- 1 in 3 teens experience some kind of abuse in their romantic relationships, including verbal and emotional abuse.
- Only 33% of teens who are in an abusive relationships ever tell anyone about it.
- More than 10% of Knox County High School students report they have been hit, slapped or physically hurt by their boyfriend or girlfriend.
The statistics are disturbing and show the importance of addressing this issue, not only with adults but with young people as well. An abusive relationship can have serious effects, putting those involved at a higher risk for substance abuse, eating disorders, risky sexual behaviors, depression, anxiety and suicide. Teen dating violence is more widespread than many adults realize and often goes unreported because teens are afraid or ashamed. Relationships that become abusive do so over time and often teens are not aware of how unhealthy a relationship has become until it escalates to some form of abuse.
Red flag behaviors that may indicate abuse include:
- Extreme jealousy and possessiveness (acting angry when you spend time with other friends or family)
- Controlling behavior (wanting you to answer all of his or her calls and texts immediately)
- Isolating and dominating behavior (wanting you to spend all of your time with him or her)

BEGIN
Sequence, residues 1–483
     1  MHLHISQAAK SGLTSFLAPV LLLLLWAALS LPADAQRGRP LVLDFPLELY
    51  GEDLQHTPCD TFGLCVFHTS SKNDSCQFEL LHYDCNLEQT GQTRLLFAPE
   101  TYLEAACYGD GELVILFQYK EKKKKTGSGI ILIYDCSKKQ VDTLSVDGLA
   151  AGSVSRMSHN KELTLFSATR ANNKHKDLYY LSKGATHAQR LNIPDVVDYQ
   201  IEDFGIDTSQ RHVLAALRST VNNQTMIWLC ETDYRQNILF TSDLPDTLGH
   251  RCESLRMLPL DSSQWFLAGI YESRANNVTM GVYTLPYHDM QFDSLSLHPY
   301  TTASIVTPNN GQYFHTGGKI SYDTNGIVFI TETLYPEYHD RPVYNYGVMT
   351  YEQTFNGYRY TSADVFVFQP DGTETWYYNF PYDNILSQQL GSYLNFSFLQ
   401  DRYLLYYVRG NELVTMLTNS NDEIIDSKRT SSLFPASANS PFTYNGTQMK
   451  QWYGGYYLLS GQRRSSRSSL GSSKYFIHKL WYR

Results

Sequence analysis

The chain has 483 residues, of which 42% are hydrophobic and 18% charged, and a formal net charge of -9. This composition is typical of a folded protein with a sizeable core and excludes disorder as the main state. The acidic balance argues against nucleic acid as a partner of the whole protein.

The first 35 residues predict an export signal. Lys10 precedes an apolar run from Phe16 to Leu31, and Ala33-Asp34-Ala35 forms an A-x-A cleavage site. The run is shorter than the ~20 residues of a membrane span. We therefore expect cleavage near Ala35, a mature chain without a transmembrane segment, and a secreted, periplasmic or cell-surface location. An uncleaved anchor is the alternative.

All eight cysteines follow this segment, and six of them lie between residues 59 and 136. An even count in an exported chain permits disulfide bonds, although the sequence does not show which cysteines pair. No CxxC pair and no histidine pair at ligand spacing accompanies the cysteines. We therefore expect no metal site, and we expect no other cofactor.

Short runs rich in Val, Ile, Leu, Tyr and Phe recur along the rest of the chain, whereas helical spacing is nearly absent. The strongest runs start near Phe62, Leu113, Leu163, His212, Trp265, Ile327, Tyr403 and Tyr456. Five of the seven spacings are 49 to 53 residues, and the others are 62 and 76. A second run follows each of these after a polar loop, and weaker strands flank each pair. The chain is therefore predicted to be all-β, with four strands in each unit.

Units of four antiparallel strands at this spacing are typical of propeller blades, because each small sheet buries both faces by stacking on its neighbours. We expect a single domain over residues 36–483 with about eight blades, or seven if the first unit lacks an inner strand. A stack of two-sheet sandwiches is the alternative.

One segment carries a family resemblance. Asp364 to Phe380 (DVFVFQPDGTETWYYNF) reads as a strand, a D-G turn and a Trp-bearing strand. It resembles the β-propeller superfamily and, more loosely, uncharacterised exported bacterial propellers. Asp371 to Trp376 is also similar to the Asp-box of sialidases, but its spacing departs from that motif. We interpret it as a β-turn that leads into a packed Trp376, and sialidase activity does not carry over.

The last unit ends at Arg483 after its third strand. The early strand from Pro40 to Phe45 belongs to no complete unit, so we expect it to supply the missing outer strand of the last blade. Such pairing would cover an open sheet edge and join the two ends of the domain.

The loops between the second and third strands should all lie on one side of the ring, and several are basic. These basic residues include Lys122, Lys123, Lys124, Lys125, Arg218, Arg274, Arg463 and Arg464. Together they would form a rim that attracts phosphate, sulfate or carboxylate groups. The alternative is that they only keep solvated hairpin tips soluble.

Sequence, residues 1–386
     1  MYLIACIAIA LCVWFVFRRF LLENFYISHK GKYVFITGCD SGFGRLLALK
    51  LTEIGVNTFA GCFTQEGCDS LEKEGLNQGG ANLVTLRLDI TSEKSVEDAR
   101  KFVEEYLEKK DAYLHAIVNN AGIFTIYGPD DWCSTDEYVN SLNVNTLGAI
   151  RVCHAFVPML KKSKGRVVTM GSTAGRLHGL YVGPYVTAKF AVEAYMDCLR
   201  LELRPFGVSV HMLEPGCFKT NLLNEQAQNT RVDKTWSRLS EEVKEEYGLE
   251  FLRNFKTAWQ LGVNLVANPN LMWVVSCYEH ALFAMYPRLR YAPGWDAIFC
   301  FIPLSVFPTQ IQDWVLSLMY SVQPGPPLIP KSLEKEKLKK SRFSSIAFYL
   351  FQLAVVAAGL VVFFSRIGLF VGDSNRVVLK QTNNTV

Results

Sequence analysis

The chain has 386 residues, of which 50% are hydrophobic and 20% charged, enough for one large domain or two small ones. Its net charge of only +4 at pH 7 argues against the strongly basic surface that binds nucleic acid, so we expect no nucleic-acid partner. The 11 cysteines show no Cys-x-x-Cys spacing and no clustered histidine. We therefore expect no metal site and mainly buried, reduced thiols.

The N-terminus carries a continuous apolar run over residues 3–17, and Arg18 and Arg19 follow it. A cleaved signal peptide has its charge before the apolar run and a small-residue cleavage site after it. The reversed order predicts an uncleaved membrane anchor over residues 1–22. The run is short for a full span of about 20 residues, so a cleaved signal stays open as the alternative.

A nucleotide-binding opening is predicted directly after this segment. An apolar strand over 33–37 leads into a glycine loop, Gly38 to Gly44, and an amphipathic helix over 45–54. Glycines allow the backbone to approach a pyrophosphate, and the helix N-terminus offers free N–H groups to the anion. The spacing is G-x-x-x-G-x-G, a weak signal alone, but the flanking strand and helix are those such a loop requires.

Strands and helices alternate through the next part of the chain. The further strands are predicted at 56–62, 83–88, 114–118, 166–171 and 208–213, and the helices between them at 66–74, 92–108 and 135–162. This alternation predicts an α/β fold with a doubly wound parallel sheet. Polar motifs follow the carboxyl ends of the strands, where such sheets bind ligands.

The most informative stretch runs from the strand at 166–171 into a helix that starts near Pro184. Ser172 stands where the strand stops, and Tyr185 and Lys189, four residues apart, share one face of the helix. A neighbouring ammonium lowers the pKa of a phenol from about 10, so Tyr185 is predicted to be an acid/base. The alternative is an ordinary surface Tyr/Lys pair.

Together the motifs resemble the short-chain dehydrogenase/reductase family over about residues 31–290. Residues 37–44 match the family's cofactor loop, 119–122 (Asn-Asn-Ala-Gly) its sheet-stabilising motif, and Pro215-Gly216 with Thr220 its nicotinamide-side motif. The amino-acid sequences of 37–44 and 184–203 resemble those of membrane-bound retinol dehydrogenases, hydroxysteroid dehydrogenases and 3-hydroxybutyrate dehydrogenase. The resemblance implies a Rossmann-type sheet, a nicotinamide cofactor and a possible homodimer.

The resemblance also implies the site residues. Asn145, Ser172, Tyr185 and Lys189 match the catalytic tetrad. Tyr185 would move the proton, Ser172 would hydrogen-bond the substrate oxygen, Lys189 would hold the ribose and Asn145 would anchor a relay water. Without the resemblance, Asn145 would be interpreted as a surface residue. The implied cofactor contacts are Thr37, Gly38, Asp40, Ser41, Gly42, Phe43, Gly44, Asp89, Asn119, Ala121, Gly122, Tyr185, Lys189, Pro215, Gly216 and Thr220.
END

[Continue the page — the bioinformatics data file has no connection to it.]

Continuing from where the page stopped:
- Emotional and verbal abuse (putting you down and making you feel afraid to be yourself)
- Anger, threats and intimidation (Extreme anger with threats of hurting you, someone you love, or him or herself)
- Destruction of Property (breaking your phone or other possessions that are meaningful to you)
- Physical abuse (hitting, grabbing, slapping, kicking, choking, punching, etc.)
Healthy relationships involve both partners having a voice and feeling that they can be themselves. Both should be able to explore interests with their partner, others and on their own. When conflict arises, it is important to disagree fairly. Both should feel respected as well as emotionally and physically safe.
If you feel you or someone you care about is in an abusive relationship, please contact the Family Justice Center for support at 865-521-6336.